This information is outdated. For the current description of the various match types (as of mid-2022), please see my updated blog on the topic. While the general themes below still hold true, Google eliminated modified broad match and broadened all match types to some extent. As a result, the strategies discussed at the end of this blog aren’t as useful.

One of the biggest mistakes I see small businesses make in Google AdWords is using inappropriate match types in their PPC program. While there are various reasons for this, having a clear understanding of the impact of the various match types can help small business marketers make more effective decisions on which match type to utilize.

For simplicity, I’ll start with the most precise match type and work my way to the broadest match type.

Exact Match: The Surgeon’s Scalpel

Exact match, indicated by [square brackets] around your keyword, indicates that you only want your keyword to match a search query when it matches exactly (as the name implies). If there are words before, after or mixed-in within the words in your keyword, your ad is (generally) not eligible to show. Close variants like plurals, misspellings, abbreviations and other minor deviations can still trigger your keyword and, as a result, show your ad.  Important update: In March 2017, Google announced that they’re broadening exact match to some degree, most notably allowing the word order to change unless it dramatically changes the intent behind the search. I know many search marketers aren’t particularly happy about the change, but there are steps you can take to adjust to this change.


If your keyword is [red shoes], you will only match when someone’s search query is *red shoes*. AdWords, by default, will allow for singular/plural variations and misspellings, so you would also show for *red shoe* and *red sheo*. You would not be able to show your ads for the following searches: *red running shoes*, *red shoes san francisco*, *high quality red shoes* and many more. (With the update mentioned above, you could also show for *shoes red*.)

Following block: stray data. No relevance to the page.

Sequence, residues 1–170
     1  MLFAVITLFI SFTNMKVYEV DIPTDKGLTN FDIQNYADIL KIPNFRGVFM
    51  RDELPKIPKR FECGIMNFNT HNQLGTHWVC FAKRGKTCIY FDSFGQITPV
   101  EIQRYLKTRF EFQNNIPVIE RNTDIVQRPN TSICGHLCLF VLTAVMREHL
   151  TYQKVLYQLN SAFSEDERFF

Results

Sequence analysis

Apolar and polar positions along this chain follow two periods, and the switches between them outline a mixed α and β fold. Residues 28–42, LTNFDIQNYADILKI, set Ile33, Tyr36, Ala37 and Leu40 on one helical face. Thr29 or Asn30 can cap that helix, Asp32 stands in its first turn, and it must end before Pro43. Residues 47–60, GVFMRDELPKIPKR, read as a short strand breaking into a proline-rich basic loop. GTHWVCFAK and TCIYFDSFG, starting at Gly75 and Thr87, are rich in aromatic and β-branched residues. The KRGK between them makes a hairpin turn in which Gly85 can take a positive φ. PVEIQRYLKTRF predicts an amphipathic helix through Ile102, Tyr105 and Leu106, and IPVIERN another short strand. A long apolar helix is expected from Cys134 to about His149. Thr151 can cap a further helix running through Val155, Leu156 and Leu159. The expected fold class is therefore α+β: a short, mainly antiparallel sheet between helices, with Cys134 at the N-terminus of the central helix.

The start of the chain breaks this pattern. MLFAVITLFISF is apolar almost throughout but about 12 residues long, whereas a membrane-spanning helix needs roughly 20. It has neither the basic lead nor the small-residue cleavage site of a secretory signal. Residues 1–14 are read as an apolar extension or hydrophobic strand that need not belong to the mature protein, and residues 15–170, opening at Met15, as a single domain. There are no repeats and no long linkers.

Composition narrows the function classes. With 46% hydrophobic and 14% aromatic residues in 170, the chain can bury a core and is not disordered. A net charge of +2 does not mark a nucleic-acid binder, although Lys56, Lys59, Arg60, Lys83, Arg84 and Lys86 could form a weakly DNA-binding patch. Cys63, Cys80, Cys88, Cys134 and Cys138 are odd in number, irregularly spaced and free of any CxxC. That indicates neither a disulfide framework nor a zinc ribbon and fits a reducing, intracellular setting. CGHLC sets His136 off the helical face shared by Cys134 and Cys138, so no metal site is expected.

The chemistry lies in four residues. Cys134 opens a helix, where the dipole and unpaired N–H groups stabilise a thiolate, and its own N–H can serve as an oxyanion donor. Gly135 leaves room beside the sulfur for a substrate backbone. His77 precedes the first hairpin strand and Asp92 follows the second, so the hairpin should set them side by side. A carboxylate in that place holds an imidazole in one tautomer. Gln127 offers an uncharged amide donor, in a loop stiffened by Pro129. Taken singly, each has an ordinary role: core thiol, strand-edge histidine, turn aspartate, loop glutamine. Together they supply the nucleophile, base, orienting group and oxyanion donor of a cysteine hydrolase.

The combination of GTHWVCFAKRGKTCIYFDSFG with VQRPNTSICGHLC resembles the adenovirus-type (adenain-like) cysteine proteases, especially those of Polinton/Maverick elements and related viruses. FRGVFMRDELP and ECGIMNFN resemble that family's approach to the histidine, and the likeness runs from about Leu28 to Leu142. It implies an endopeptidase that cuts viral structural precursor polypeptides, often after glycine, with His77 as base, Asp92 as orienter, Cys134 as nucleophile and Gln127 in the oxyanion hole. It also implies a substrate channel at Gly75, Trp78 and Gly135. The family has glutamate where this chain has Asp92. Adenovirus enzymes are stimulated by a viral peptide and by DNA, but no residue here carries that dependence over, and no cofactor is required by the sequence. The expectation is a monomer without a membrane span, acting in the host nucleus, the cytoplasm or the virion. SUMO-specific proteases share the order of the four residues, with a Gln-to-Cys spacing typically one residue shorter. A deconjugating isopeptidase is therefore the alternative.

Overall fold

As you can see, is you’re using exact match as your primary match type, you’ll need to have a lot more keywords to account for all the variations in searches that might occur around your product or service. If people do localized searches, like *red shoes in prosper tx*, you’ll need to include that phrasing in your list of keywords. You get the most control, but potentially have to do more work in creating and expanding your program. You may also be leaving money on the table by not showing your ads to some very qualified searchers.

Phrase Match: The Puzzle Piece

Phrase match is one my favored match types. It is indicated with “double quotes” around your keyword. It requires the search query to have your phrase contained in it (your keywords in that order with nothing in-between), but will still match queries that include additional words before or after the phrase.


If your keyword is “red shoes”, you will match as long as that phrase is included in the search. You would match for queries like *red shoes for running*, *red shoes near me* and *high quality red shoes*, but not for *red running shoes* or *running shoes in red*.

While phrase match is also pretty restrictive, it allows for additional qualifiers in the search query (like *red shoes near me* and *red shoe reviews*). Not only will this help you reduce the number of keywords needed in your AdWords program, it can be a nice basis for discovering longtail keywords (longer variations of a keyword) by using the Search Terms report in AdWords.

Modified Broad Match: The Train Cars